Barron's reports dealers in fixed trusts [similar to ETF's] have experienced a marked fall-off in sales since early May; decline attributed to unfavorable publicity from NYSE publication of proposed rules in May, to the stock market reaction in that month, and to severe competition.
Editorial arguing that proposals to remedy the depression by shortening working hours and raising wages would be self-defeating. While the long-term trend is in this direction, forcing it now through legislation or union action without an increase in productivity and without similar action by other countries would leave US producers at a competitive disadvantage. "Industrial reaction means precisely that the long-term trend has been interrupted by temporary adverse factors, which must be removed by temporary expedients [note: I think this means wage cuts], before the natural course of development can be resumed."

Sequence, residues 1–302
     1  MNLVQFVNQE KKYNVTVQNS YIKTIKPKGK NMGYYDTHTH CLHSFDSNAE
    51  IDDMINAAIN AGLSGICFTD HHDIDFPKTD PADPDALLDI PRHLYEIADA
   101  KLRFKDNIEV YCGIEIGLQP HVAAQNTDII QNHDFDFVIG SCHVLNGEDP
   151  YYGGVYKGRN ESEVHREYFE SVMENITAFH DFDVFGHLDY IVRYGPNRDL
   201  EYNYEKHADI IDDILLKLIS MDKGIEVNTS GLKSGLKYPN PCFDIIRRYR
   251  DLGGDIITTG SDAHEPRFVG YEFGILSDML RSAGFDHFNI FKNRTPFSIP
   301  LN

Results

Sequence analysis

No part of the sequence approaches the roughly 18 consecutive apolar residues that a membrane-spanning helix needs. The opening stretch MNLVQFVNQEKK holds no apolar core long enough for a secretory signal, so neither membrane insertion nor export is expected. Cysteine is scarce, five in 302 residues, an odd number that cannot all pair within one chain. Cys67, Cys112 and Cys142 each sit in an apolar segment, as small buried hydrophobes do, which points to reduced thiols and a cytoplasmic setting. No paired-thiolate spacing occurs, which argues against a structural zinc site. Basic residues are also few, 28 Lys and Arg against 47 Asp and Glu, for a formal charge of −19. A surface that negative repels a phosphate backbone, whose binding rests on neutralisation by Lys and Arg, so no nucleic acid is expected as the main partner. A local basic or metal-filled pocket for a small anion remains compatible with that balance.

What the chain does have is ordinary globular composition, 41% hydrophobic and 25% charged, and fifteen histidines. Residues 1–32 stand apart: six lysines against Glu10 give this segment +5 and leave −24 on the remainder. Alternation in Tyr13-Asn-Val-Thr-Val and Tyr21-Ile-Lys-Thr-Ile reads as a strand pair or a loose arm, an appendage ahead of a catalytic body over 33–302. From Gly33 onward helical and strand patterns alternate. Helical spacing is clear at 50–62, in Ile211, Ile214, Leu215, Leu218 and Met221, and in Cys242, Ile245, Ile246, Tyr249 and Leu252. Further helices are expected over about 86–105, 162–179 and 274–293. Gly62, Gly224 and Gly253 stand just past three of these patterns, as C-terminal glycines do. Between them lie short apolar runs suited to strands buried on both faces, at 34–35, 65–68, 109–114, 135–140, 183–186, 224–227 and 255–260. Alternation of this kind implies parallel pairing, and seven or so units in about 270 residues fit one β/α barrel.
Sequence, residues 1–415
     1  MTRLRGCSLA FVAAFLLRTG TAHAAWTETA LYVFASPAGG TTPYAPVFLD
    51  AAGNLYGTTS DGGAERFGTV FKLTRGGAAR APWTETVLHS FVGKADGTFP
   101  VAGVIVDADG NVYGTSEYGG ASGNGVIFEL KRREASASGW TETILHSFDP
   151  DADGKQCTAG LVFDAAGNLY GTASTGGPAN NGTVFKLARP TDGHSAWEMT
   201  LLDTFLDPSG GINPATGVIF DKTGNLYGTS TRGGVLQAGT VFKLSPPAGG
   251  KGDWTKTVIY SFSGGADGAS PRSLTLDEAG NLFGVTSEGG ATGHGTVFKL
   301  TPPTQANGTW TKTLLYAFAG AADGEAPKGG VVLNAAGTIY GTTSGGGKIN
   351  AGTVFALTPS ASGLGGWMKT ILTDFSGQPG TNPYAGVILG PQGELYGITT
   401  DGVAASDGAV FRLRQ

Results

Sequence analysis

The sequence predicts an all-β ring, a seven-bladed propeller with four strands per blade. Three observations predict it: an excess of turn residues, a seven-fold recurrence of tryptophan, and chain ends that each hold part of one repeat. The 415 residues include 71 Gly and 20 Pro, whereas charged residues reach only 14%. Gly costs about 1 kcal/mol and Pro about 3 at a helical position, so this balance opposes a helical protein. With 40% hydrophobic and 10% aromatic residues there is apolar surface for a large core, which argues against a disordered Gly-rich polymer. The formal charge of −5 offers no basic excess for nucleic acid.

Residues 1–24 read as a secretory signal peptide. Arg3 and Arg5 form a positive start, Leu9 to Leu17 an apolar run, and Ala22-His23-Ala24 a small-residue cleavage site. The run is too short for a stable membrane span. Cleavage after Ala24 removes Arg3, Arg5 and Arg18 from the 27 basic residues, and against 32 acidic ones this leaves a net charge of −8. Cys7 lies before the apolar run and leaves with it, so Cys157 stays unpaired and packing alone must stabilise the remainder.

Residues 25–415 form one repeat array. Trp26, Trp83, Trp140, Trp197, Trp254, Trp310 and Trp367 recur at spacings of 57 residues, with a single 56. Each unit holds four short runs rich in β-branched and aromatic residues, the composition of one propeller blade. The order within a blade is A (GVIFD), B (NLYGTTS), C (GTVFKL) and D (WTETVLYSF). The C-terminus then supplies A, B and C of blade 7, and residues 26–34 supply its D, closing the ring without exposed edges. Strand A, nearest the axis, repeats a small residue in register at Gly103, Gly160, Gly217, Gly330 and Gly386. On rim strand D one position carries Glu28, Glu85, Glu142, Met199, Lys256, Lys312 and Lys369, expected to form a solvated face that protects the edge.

Letter to the editor proposes that building associations across the US should allow small mortgage borrowers to suspend payments of principal for duration of the depression, while continuing to pay mortgage interest and expenses; this would "be a godsend" to the borrowers, while allowing building associations to keep paying shareholders. However, this relief should only apply those with "honest intention to take care of their obligation when conditions were normal," not to "speculators who might take an undue advantage ..."
Prof. Irving Fisher says world response to Hoover plan may mark turning point in depression; favors complete cancellation of war debts.